Well I don’t know how you take in all the shit you see
No don't believe anyone and most of all
don’t believe me
G-ddamn right it's a beautiful day
—Eels, Mr. E’s Beautiful Blues
Who would not choose to follow the sound of running waters?
Today I went down to the water, to a park I’ve recently found on the lake that is mostly ignored during the week. It can hardly said to be out of the way; it isn’t even out of earshot of the highway. But it provides a respite. Even the sound of nearby traffic is relaxing in this setting; as for the large homes on the water that I can’t help thinking would be better set off a bit and made less obtrusive, no matter; neither does a jet skier in the distance disturb this, just another type of fauna, natural and as in-its-place as anything else here; and who can begrudge an occasional water takeoff or landing by one of the pontoon-outfitted planes that are part of a tour fleet stationed nearby? I’ll never recover from my childish sense that witnessing that is something of a treat. No, I’m not looking to escape my fellow humans, just to put a little distance between us. Forgive me, but sometimes I like them better from this remove; standing back from humanity so as to appreciate it more fully.
Even though the area is thoroughly settled by humans, everything but the depths of the lake belongs to the birds. Just now as I walk the footpath to my spot a crow passes by with a sardine-sized fish in its mouth, maybe an unfortunate salmon fry. The birds are all anglers each with its own ingenious methods and remarkably resourceful in their own way.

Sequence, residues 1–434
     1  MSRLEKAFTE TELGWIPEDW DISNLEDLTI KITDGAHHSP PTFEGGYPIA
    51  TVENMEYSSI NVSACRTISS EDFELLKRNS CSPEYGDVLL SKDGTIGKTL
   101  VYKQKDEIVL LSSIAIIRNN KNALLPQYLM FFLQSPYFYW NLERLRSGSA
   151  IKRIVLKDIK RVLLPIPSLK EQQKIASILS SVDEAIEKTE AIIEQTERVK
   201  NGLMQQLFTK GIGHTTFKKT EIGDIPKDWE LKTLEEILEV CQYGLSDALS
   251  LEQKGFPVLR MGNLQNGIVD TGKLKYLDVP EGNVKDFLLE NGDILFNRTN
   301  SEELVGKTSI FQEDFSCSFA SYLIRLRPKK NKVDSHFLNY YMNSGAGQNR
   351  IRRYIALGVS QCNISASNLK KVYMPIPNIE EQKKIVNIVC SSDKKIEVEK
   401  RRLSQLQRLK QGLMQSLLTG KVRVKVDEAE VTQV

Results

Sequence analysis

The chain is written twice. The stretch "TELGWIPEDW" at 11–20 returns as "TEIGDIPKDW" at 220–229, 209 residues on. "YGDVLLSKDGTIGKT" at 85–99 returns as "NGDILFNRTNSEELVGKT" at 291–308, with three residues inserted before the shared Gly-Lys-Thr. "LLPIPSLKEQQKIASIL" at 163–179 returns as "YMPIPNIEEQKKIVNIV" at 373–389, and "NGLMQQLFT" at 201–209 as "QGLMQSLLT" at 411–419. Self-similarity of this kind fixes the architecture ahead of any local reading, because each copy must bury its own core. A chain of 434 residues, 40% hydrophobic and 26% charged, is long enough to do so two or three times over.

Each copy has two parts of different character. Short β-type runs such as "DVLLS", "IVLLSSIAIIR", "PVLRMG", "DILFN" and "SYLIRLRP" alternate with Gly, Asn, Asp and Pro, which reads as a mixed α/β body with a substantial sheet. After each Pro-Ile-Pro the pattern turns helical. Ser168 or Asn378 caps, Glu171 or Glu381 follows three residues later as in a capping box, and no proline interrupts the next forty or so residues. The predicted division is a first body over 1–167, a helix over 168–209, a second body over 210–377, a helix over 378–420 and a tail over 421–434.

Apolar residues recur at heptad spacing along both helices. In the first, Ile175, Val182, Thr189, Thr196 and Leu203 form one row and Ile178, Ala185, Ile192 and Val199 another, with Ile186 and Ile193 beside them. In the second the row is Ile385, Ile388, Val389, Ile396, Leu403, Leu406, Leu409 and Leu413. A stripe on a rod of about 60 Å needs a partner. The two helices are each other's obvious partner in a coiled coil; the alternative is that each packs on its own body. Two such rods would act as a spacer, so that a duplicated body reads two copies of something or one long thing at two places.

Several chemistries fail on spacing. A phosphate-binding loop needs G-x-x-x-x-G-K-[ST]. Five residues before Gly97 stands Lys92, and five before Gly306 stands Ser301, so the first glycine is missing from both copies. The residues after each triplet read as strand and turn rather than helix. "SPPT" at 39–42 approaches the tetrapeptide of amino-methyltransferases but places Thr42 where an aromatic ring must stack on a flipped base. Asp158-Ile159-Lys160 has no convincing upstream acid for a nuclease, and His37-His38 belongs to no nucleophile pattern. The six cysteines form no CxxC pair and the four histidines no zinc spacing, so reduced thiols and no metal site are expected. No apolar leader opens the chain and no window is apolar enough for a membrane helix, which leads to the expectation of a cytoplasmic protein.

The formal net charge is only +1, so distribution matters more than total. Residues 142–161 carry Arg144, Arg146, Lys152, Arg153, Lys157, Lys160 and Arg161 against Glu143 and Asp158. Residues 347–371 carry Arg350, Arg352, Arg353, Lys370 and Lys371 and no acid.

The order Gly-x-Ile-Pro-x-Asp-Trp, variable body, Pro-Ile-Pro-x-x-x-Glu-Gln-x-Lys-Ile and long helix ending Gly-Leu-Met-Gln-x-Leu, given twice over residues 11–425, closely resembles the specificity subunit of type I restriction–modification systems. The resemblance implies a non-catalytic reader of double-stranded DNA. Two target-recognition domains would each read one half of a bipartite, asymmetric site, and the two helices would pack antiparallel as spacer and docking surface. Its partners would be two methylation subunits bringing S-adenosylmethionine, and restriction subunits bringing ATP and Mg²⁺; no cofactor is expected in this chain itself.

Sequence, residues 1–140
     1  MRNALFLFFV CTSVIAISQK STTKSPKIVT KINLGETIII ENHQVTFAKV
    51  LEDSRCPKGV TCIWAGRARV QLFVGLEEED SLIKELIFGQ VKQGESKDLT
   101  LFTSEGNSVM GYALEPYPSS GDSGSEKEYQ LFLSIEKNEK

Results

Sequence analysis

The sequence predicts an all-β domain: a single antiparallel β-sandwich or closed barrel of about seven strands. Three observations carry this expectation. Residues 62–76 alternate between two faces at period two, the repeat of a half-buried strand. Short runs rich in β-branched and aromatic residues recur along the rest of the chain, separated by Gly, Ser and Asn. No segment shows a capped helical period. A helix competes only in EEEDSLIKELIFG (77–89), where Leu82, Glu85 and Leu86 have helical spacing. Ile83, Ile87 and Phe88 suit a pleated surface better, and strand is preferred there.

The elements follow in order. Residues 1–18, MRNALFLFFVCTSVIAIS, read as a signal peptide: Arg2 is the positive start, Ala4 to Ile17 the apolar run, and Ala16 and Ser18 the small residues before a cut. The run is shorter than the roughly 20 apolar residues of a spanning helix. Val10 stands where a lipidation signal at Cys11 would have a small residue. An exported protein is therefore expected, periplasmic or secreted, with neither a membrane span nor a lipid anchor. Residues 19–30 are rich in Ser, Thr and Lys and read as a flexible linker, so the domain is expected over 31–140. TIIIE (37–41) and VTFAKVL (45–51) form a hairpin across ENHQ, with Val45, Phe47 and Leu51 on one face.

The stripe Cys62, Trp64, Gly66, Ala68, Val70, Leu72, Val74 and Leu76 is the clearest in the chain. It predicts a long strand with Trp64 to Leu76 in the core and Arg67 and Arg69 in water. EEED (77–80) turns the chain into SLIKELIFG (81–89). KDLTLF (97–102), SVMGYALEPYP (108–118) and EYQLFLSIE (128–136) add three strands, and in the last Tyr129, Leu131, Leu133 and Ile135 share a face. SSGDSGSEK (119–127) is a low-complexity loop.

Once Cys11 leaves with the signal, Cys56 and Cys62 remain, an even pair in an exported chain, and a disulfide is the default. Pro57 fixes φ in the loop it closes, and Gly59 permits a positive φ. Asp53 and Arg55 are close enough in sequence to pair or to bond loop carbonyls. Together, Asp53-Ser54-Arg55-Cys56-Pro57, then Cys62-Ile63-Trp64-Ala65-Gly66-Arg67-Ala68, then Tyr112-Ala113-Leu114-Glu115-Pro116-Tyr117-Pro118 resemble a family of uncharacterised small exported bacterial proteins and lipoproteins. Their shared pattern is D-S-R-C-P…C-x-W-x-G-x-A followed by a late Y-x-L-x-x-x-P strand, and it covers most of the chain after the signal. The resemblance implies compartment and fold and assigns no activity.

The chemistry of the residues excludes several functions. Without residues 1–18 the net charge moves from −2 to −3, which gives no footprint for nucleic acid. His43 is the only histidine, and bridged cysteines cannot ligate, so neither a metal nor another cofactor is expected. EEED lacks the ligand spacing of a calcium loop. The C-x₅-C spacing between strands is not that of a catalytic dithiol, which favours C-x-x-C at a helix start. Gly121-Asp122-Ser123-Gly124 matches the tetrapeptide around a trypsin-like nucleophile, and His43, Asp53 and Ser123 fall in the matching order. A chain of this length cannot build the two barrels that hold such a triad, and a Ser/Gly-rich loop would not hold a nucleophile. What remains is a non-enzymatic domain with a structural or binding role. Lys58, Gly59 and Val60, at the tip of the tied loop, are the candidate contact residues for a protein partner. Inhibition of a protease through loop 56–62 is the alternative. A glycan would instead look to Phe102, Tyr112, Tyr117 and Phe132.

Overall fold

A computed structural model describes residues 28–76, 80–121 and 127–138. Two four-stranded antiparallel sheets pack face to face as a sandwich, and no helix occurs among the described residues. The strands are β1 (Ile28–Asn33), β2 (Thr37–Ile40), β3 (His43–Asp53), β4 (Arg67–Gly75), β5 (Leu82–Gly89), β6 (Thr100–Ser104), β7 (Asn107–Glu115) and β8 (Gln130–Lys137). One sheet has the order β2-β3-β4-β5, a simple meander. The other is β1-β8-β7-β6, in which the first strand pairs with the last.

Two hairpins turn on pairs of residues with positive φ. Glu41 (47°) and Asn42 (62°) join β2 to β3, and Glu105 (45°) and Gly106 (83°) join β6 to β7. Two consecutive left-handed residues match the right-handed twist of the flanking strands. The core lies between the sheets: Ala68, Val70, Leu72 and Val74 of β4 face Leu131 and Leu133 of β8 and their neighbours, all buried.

The gulls and crows are the working class toughs; stout and homely, moving about in conspiratorial groups, cawing mysterious orders back and forth. They’ll snatch a fish from the surface of the water, they aren't too proud to scavenge, they'll steal from another bird or from one another; they are generally disorderly. The crows gather in gangs like ruffians; the seagulls collect in twos and threes, carousing like sailors on shore leave.
Occasional swallows flit about with an odd, arrythmic fluttering of their swept back wings; a burst of effort, a short glide, another burst of effort. Terns (I think) pass overhead, long out front like old World War II fighters; capable, all purpose aviators. There are at least three bald eagles living near the lake; massive things that motor along with big, broad wings that don’t flap but push huge cushions of air out from under them with a calm, confident motion, unfurling a bit with each stroke. Today one of them is working the lake's surface, scoping out his prey from on high before coming down to a low level glide over the water, perhaps pursuing a school of fish. He makes a diving grab, raising a splash of white. I can’t see if he was successful. Another large eagle, maybe a female with a brood, chases him off and then returns to a nest high up in one of the evergreens.
I am depressed; an insidious low-energy sort of depression. That’s why I’m here. Sometimes depression gnaws at you; “rage turned inward.” Sometimes, for me, it is simply a void in my chest harboring a vague, unidentifiable dread that commands the bulk of my attention until it subsides, entirely of its own inscrutable logic. You just have to endure it as you would any pain; a place like this is as good a balm as you'll find.
I have taken up the pretense that I would use my newfound haven to read, and that here I would read things that were of no pragmatic concern or compromise. Only things to be appreciated entirely for their own sake; fiction or poetry. I choose a picnic table bench that is placed too high, inconsiderately leaving my feet to dangle like a child in a high chair. This won’t do, so I find another. The lake stretches out before me. I settle into a book but, as is so often the case, can’t keep with it. My eyes are repeatedly drawn to the water.